Intellectual Contract and Intellectual Law, Journal of Technology Law & Policy
Technological change is altering the nature of contract toward a greater focus on intangible assets. The direction of technological change toward greater connectivity, interoperability, mobile communications, the Internet of Things (IoT), artificial intelligence (AI), virtual inventions, and cooperative research and development (R&D) has profound implications. This article develops a new framework that I refer to as “Intellectual Law” to address this shift. The article introduces the new concept of “Intellectual Contract” (IC) to characterize agreements for invention, innovation, and technology adoption. The article also introduces the concept of “Intellectual Tort” (IT) to describe liability including but not limited to misappropriation of trade secrets and infringement of patents, trademarks, and copyrights. “Intellectual Law” provides a consistent framework for IC, IT and Intellectual Property (IP). The article observes that legal protections for inventors cannot rely solely on what has proven to be a flawed combination of IT and IP. The article argues that greater emphasis on IC would improve both IT and IP. Because IC protects expectation interests it is essential for creating, developing, sharing, and applying intangible assets. IC generates gains from trade that enhance the benefits of inventors, innovators and adopters beyond what can be achieved by IT and IP alone. The discussion sets forth some broad principles for IC, examines the differences between IC and standard contracts, and identifies the main forms of IC.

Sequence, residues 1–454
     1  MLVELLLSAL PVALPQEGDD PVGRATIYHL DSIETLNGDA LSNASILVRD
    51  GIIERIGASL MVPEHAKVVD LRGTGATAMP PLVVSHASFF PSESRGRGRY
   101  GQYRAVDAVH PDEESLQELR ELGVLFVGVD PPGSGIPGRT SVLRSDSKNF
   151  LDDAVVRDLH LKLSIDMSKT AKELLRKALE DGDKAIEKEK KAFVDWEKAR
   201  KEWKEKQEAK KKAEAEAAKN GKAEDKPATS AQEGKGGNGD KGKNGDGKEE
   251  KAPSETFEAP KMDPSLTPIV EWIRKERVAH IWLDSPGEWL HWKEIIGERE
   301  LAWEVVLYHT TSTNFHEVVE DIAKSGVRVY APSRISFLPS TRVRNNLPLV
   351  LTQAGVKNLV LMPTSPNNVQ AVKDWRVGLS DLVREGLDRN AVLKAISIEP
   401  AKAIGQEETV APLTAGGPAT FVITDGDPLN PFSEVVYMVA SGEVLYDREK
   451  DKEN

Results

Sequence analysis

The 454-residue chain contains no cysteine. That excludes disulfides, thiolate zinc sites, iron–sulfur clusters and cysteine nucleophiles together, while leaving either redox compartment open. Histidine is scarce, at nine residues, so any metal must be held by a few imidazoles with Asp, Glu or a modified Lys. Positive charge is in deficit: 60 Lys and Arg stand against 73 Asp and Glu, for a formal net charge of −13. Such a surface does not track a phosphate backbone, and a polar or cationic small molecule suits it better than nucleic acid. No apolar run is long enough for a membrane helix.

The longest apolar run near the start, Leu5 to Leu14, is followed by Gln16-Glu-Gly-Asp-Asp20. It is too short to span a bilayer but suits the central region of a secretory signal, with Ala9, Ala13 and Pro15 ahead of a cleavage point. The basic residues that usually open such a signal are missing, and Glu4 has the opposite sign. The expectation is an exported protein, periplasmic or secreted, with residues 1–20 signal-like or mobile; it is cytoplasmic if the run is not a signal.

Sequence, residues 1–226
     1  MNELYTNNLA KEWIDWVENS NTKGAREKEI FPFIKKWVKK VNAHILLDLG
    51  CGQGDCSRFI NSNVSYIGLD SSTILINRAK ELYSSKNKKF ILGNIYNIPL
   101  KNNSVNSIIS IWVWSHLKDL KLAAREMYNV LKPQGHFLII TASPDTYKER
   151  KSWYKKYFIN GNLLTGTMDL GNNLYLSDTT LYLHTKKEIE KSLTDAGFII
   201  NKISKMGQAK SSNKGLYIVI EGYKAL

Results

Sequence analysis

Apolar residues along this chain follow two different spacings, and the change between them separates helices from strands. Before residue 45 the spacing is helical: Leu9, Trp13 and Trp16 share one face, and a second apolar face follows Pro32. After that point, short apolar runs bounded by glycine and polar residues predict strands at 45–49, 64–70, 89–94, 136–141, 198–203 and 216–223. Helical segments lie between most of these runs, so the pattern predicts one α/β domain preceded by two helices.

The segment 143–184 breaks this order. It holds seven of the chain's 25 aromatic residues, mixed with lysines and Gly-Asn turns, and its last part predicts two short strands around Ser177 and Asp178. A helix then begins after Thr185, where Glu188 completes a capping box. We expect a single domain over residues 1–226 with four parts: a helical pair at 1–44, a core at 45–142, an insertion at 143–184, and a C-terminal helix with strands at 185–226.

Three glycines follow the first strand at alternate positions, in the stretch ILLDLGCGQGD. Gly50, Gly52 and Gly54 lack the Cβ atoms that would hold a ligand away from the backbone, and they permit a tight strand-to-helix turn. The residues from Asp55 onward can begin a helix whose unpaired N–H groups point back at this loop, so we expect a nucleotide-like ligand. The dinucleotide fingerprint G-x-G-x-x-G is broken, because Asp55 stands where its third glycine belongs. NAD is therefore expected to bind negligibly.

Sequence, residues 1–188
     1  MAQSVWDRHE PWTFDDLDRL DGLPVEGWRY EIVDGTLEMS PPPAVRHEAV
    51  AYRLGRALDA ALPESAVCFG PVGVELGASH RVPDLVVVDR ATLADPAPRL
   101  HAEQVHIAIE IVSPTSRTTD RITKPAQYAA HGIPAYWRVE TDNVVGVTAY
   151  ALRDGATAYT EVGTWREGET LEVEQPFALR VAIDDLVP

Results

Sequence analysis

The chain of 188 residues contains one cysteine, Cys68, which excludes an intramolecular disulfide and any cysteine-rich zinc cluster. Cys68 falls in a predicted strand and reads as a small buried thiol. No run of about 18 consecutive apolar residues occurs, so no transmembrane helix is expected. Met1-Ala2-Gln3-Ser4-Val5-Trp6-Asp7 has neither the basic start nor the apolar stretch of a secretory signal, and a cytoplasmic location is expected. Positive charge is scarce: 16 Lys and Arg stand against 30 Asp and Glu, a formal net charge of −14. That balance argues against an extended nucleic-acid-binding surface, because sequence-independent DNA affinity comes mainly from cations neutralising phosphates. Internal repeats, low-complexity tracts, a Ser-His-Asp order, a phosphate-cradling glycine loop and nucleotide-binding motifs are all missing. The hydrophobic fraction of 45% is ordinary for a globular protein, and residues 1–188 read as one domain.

Spulber, Daniel. 2018. Intellectual Contract and Intellectual Law. Journal of Technology Law & Policy. 23(1): 1-67.LINK